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Pulmonary Barotrauma S020

Last amended 
10 July 2023
Current RMA Instruments
Reasonable Hypothesis SOP
64 of 2023
Balance of Probabilities SOP
65 of 2023
Changes from previous Instruments

SOP Bulletin 237

ICD Coding

ICD-10-AM Code: T70.31

Brief description

This is an acute lung injury due to barometric pressure change.  Rapid or significant change in the pressure within the lungs or the surrounding airways results in damage or injury to the lungs.  It is generally a serious condition and can be fatal.  Pulmonary barotrauma is commonly associated with scuba diving or other activities involving exposure to high or low pressures.  It can also occur due to explosive blasts, as a complication of mechanical lung ventilation or as a result of abnormal pulmonary conditions such as bulla, blebs and cysts.  Vomiting, forceful coughing or using the Valsalva or Muller Manoeuvres may also generate this type of lung injury.  

Pulmonary barotrauma results in pulmonary haemorrhage (presence of blood in the lungs), pneumothorax (air trapped in the space between the lung and chest wall), pneumopericardium (air entering the pericardial sac which surrounds the heart), subcutaneous emphysema (air under the skin) or arterial gas embolism (air bubbles entering the bloodstream).

Confirming the diagnosis

Diagnosis is made from the history and physical findings, together with imaging (CT or MRI scan).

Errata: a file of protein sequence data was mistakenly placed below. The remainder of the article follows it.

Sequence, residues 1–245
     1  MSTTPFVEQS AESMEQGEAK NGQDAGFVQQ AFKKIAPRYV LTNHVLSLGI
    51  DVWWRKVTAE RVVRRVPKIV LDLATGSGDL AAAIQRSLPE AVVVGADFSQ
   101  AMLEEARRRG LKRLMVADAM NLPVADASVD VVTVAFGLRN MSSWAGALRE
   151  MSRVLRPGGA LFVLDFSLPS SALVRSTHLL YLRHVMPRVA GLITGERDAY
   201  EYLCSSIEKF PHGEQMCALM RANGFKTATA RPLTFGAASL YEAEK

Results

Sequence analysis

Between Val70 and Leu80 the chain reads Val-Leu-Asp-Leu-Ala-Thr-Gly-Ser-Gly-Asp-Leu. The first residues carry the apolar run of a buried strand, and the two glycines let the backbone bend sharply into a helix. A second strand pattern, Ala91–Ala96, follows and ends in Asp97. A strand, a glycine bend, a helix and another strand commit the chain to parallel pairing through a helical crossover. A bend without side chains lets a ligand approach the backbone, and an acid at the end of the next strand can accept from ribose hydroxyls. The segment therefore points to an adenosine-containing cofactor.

The relevant medical specialist is a respiratory physician or emergency physician.

Additional diagnoses covered by SOP
  • Arterial gas embolism due to pumonary barotrauma
  • Burst lung
  • Lung or thoracic squeeze when compression occurs during diving 
Conditions not covered by SOP
  • Arterial gas embolism due to decompression illness
  • Decompression illness*
  • Decompression sickness* - decompression illness SOP
  • Dysbaric osteonecrosis* - osteonecrosis SOP
  • Pneumothorax due to non-pressure causes (e.g. lung disease, penetrating trauma, surgery etc.) 
  • Pneumopericardium (e.g. lung disease, penetrating trauma, surgery etc.) 
  • Pneumoperitoneum (e.g. lung disease, penetrating trauma, surgery etc.) 
  • Fat embolism#
  • Emphysema*
  • Otitic barotrauma*
  • Sinus barotrauma*

* another SOP applies

# non-SOP condition

Clinical onset

Onset will be acute and immediately follow an event such as a scuba dive, an explosion, or being mechanically ventilated.  Symptoms may include shortness of breath, cough, coughing blood and chest pain.

Clinical worsening

This is an acute injury.  The only SOP worsening factor is for inability to obtain appropriate clinical management.  The condition requires urgent medical attention and may be fatal.